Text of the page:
Naturally, I’m pleased and honored that George Will built his most-recent column – to appear in tomorrow’s (May 7th’s) print edition of the Washington Post – around my blog post comparing the material wealth of an ordinary American today to the material wealth of J.D. Rockefeller a century ago. Today’s ordinary American, in an absolute (although, obviously, not a relative) sense, is likely materially richer than was Rockefeller. Here are the closing paragraphs of George Will’s column:
Last year, a Bureau of Labor Statistics paper described the life of workers in 1915. More than half (52.4 percent) of the 100 million Americans were younger than 25, life expectancy at birth was 54.5 years (today, 78.8) and less than 5 percent of Americans were 65 or older. One in 10 babies died in the first year of life (today, 1 in 168). A large majority of births were not in hospitals (today, less than 1 percent).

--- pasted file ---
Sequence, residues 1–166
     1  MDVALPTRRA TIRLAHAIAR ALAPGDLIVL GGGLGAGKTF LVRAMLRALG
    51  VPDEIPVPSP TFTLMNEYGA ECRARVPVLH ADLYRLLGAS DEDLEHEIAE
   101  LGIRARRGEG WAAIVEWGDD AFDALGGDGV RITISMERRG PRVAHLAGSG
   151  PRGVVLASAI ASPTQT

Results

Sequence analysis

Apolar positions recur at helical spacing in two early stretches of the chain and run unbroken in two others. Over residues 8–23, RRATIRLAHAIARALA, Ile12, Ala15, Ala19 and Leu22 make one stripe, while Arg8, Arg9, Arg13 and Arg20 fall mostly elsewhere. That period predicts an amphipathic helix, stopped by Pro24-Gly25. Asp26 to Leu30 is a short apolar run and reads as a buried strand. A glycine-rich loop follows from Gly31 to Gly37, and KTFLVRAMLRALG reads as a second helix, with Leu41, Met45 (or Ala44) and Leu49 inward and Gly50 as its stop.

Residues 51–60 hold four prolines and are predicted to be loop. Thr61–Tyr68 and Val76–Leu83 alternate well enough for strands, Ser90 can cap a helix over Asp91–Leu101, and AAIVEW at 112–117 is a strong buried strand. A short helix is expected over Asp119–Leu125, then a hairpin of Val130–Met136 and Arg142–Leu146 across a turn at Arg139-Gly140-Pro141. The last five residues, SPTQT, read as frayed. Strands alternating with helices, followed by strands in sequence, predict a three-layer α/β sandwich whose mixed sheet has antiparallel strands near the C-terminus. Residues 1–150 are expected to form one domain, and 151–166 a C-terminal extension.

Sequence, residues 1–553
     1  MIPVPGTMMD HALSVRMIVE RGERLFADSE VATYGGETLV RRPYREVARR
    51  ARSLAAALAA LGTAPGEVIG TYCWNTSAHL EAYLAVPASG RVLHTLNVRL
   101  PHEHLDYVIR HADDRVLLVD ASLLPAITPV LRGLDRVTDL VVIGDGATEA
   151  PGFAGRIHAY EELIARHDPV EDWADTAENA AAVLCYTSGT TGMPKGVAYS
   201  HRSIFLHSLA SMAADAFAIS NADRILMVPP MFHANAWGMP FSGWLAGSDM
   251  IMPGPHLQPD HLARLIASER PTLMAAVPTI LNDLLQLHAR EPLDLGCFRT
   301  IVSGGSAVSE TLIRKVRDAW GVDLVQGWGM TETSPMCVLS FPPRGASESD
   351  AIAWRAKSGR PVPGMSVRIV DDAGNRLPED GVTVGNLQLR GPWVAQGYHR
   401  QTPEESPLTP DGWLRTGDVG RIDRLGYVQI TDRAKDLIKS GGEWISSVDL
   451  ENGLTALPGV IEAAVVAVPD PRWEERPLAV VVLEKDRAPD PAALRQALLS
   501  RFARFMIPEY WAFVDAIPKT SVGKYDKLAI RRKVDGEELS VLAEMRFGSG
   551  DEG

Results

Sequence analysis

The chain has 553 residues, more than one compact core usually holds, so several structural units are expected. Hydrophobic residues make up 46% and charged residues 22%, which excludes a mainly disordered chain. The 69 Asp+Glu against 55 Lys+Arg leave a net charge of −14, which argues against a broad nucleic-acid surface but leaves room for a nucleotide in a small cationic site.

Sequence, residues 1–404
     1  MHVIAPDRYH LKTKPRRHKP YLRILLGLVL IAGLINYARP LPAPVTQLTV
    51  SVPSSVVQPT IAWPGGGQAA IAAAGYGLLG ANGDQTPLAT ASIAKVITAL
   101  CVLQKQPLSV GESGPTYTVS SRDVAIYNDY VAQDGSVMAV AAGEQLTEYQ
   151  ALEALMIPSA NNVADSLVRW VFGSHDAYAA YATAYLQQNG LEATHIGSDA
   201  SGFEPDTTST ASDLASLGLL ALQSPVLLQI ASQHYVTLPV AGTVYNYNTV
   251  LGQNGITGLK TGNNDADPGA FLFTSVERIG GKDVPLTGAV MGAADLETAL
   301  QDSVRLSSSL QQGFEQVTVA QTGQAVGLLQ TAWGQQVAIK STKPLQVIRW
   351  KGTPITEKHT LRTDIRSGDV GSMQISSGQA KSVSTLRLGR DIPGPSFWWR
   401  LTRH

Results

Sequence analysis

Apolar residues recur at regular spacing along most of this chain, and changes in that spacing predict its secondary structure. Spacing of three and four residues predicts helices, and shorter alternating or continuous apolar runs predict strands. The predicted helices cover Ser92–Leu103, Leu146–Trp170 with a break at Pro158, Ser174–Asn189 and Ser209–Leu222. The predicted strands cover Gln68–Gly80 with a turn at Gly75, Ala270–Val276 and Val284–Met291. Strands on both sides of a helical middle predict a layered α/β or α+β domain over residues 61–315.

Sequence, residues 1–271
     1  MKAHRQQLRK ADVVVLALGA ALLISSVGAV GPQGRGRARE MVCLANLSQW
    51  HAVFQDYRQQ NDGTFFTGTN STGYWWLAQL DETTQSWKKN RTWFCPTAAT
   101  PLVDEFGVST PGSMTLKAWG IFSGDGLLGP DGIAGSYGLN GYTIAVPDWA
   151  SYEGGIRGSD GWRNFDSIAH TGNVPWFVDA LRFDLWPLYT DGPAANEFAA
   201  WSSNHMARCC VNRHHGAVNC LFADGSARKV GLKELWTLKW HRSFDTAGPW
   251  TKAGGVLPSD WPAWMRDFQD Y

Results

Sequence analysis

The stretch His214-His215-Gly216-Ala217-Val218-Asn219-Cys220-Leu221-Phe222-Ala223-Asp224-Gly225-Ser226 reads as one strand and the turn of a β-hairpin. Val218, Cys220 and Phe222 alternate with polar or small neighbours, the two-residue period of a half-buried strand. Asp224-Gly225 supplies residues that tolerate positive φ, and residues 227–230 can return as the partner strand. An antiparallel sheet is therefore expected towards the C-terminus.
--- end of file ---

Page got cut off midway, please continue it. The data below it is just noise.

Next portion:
In 1915, only about 14 percent of people ages 14 to 17 were in high school, an estimated 18 percent age 25 and older had completed high school, and nearly 75 percent of women working in factories had left school before eighth grade. There were 4 renters for every homeowner, partly because mortgages (usually for just five to seven years) required down payments of 40 to 50 percent of the purchase price.
Less than one-third of homes had electric lights. Small electric motors — the first Hoover vacuum cleaner appeared in 1915 — were not yet lightening housework. Iceboxes, which were the norm until after World War II, were all that 1915 had: General Motors’ Frigidaire debuted in 1918.
So, thank Boudreaux for making you think about this: How large would your net worth have to be to get you to swap the life you are living in “hellhole” America for what that money could buy in 1916?